[Gasification] gasifier type updraft
tombreed2010 at gmail.com
Mon Dec 19 13:01:08 CST 2011
Dear Tom Miles
Typically if you pile scrap wood into a dense pyramid and light the top layer, the advancing pyrolysis front will supply a protective combustible gas envelope which has had the oxygen removed. I call this the Pyromid method of charcoal production.
(There is also a stove on the market called a Pyromid Stove. So it is useful to make sure to call this a "Charcoal Pyromid".)
If this CHARCOAL PYROMID is allowed to burn down until the yellow flames disappear, only charcoal will remain. Squirt a lot of water on it and stand by to squirt more and you'll have about 20% charcoal yield. If you go in for lunch, some spark will ignite the charcoal and you have wood ash when you return.
If your fuel pyramid is not tightly stacked, air oxygen will pass up into the charcoal bed and reduce the yield. If the wood is too large or too dry or you use enhanced oxygen it will be too easy for the flame to propagate down and you won't completely convert the fuel Pyromid to a charcoal Pyromid.
Dr Thomas B Reed
The Biomass Energy Foundation
On Dec 17, 2011, at 11:00 AM, "Tom Miles" <tmiles at trmiles.com> wrote:
> The pyromid looks like a good in-woods approach to converting slash to biochar.
> Do you think that the pyrolysis blanket that is being developed by Carbon Cultures (Jenny Knoth U Washington) can be used to improve the performance of the pyromid?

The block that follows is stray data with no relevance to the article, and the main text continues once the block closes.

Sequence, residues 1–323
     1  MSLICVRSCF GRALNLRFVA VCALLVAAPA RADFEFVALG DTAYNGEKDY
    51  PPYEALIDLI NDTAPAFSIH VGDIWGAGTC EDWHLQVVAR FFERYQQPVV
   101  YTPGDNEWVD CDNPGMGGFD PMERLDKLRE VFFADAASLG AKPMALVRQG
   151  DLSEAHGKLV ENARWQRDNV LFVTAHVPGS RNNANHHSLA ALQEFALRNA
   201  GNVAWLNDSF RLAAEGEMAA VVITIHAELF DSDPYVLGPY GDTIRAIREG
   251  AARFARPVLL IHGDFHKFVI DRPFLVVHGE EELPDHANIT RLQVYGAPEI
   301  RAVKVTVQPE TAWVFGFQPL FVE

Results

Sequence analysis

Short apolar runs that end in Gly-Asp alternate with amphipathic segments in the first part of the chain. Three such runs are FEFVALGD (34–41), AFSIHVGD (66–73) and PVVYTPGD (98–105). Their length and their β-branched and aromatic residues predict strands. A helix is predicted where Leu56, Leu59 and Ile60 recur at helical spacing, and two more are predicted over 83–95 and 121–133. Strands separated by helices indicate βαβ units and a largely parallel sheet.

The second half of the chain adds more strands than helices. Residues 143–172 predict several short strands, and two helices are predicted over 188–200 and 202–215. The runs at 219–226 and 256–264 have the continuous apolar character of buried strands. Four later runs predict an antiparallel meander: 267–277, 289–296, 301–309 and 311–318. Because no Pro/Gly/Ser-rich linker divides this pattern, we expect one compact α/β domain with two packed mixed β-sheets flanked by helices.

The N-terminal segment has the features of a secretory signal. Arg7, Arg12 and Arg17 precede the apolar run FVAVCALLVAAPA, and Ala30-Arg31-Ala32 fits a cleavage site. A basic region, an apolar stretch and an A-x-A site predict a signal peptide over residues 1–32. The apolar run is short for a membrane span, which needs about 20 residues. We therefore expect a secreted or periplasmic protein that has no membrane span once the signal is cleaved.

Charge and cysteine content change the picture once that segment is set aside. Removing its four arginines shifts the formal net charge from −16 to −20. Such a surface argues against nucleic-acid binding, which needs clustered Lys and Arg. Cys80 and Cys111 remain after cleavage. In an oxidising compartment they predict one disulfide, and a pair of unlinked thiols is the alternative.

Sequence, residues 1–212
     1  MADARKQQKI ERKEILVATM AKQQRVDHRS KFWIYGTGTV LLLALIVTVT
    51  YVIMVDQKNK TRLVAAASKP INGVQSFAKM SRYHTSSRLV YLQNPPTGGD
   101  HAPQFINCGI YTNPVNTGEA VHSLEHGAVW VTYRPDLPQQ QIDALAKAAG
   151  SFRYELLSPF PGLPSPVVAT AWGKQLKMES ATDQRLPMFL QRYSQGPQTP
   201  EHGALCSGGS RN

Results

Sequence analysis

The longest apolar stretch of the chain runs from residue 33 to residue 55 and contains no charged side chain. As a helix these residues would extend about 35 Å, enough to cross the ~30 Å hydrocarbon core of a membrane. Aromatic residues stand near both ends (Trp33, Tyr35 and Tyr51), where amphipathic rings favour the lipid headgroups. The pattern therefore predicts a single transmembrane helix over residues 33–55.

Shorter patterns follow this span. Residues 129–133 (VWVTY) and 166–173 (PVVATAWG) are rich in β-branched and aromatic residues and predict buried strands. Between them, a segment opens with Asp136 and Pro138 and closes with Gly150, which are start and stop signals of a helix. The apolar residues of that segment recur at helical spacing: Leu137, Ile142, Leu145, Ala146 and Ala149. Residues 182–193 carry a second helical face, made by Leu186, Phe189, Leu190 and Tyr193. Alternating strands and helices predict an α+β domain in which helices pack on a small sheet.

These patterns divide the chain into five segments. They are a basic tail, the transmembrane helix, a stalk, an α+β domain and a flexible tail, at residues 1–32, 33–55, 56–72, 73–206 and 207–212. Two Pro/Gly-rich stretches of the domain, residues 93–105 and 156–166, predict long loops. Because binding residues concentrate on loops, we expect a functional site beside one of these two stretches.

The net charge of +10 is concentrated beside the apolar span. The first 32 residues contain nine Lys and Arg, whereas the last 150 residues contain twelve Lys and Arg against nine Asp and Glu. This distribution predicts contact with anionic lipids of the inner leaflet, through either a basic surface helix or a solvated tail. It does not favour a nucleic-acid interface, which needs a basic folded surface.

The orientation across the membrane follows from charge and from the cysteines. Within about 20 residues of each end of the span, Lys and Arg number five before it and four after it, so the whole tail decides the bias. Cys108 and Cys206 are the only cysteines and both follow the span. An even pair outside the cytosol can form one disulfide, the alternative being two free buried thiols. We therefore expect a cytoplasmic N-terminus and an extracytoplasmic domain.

> See video and story at:
> Tom Miles
> From: gasification-bounces at lists.bioenergylists.org [mailto:gasification-bounces at lists.bioenergylists.org] On Behalf Of Thomas Reed
> Sent: Saturday, December 17, 2011 6:43 AM
> To: Discussion of biomass pyrolysis and gasification; STOVES
> Subject: Re: [Gasification] gasifier type updarft use rice husk
> Dear gassers and Stovers
> Using any size TLUD device including an open PYROMID, and any junk biomass, we all have easy access to as much charcoal as we could ever need, for the first time in history.
> Furthermore, Hugh McLaughlin tells me that, while it's not true activated charcoal, made with steam or CO2 at 800C, it has significant absorption capacity (iodine no 400?) since it is made at 500-800 C. I hope Hugh or Frank will comment.
> So we really have no excuse for cleaning up TLUD gas if we wish to.
> I'm waiting for a good analysis of TLUD gas. I suspect after cleaning it will have significantly more energy than the typical 5.5 MJ/m3 or 150 Btu/ scf of downdraft Woodgas, since the air fuel ratio for pyrolysis is only 1-1.5, rather than the 3.5 for complete gasification of the cellulose lignin package that is wood. So, as a first guess, with 1/3 the A/F ratio, I'm guessing 3x the energy content, of 4.5 MJ/m3 or 450 Btu/scf. Compare to natural gas at 1000 Btu/ scf.
> I'd sure like to see some comments from all you practical guys (and dolls?) out there.
> Tom Reed. Dr WoodGas
> Dr Thomas B Reed
> The Biomass Energy Foundation
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